below the zygoma leads to rising and flexion in
Brudzinski's reflex, in which passive flexion of
one knee into the abdomen leads to
involuntary flexion in the opposite leg, and
stretching of a limb that was flexed leads to
The Brudziński neck sign or Brudziński's
symptom is a clinical sign in which
forced flexion of the neck elicits a reflex flexion
of the hips. It is found in patients
haemorrhage and possibly encephalitis.
facial, ear, oral, and dental infections
from contiguous spread of infection from
the sphenoidal or ethmoidal sinuses and
Less common primary sites of infection include
tonsils, soft palate, middle ear, or orbit
mortality rate of less than 20% in areas with
access to antibiotics. Before antibiotics were
available, the mortality was 80–100%
Morbidity rates also dropped from 70% to
22% due to earlier diagnosis and treatment.
Patients with the aseptic form of the disease
have a similar but more subtle presentation
and do not demonstrate signs and symptoms
of sepsis, meningitis, or primary infection.
Risk factors associated strongly with the
development of aseptic CST include a genetic
prothrombotic condition or acquired
Treatment of aseptic cavernous
Because it is often difficult to distinguish
septic and non-septic causes of CST, the
initial management is the same. Only when
aseptic aetiology is ruled out definitively
can antibiotics be withdrawn. In practice,
therefore, the treatments are the same for
both aseptic and septic disease.
Treatment of septic cavernous sinus
Drug of choice
Initial drug of choice
most aetiologies, empiric therapy should include:
Vancomycin to cover for potential methicillin-
resistant Staphylococcus aureus (MRSA) until the
actual culture results are available,
A third-generation cephalosporin, such as
ceftriaxone (to be used only in patients with no
history of true allergy to penicillin).
In patients with documented true allergy to
penicillin, quinolones should be used instead.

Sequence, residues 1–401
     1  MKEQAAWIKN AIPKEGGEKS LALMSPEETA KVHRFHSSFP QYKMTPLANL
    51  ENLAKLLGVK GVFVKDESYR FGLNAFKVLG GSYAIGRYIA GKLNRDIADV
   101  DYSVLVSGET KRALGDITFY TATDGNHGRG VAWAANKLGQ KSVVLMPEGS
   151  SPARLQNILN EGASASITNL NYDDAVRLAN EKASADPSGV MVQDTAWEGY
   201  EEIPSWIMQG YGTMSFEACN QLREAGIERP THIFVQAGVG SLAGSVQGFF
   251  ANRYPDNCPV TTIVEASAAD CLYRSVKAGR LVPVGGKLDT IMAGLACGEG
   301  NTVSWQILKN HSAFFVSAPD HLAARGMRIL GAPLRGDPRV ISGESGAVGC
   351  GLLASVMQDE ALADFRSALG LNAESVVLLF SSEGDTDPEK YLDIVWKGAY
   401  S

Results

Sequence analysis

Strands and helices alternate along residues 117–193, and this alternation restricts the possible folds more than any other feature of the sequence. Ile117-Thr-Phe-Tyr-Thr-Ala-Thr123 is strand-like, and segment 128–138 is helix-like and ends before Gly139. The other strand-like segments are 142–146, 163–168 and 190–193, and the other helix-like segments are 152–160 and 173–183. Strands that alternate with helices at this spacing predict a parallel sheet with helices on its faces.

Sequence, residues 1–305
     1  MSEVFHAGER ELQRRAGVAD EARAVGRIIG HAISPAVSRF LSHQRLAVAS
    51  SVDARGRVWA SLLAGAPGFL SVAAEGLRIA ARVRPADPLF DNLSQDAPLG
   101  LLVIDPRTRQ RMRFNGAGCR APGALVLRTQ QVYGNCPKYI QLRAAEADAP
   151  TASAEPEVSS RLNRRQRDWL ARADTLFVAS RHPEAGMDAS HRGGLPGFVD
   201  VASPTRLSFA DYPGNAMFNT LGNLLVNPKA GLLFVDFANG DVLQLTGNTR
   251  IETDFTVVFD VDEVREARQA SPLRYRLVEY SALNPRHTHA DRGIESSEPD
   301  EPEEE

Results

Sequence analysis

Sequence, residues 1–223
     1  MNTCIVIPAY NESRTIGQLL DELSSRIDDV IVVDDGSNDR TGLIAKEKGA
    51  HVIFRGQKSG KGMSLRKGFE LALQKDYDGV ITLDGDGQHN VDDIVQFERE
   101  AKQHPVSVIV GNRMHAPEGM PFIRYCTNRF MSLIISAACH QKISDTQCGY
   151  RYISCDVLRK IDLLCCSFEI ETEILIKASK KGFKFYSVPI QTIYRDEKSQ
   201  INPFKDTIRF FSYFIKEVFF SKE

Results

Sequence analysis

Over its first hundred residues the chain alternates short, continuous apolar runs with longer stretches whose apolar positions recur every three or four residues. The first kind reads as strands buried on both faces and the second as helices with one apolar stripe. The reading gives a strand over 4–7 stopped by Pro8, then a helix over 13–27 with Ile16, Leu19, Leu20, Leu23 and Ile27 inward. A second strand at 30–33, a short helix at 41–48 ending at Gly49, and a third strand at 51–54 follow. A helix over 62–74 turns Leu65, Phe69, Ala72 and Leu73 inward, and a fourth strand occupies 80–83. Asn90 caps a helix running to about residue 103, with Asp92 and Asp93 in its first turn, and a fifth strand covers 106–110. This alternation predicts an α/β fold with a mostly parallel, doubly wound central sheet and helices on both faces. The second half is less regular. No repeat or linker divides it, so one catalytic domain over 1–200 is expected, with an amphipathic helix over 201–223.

Intravenous metronidazole should be added if
dental or sinus infection is suspected.
Cefotaxime 1.5 to 2 g IV q4h
High doses of intravenous antibiotics are
required because thrombus may limit
penetration of antibiotics. Bacteria, sequestered
within the thrombus, may not be killed until the
dural sinuses have started to re-canalise.
Antibiotics also need to be administered over an
extended period, for at least 2 weeks beyond the
time of clinical resolution.
This aims to insure complete sterilisation and
prevent relapses. Supportive therapy is
necessary and includes resuscitation, oxygen
support, and local eye care.
Based on limited observation,
anticoagulation may be beneficial after
exclusion of haemorrhagic complications by
CT scan. Anticoagulation is thought by some
to be dangerous in patients with bilateral CST
and/or concurrent intracranial haemorrhage.
Adjunctive therapy: corticosteroids
The role of corticosteroids is controversial in
many cases of CST.
Reducing intra-orbital congestion in patients with orbital
Reducing cranial nerve inflammation in patients with
cranial nerve dysfunction.
Further therapy post-stabilisation
Finally, as soon as the patient's condition permits, prompt
drainage of the primary site of infection (such as the para-
nasal sinusitis, dental abscess) or other concurrent closed-
space infection is advisable.
cunningham’s ;MANUAL OF PRACTICAL
ANATOMY. 4TH edition ; pg. 48.
Oral and maxillofacial infections;Topazian;4th
Textbook of oral medicine; Anil ghom; 2nd
Oral and maxillofacial surgery; fonseca; vol-5;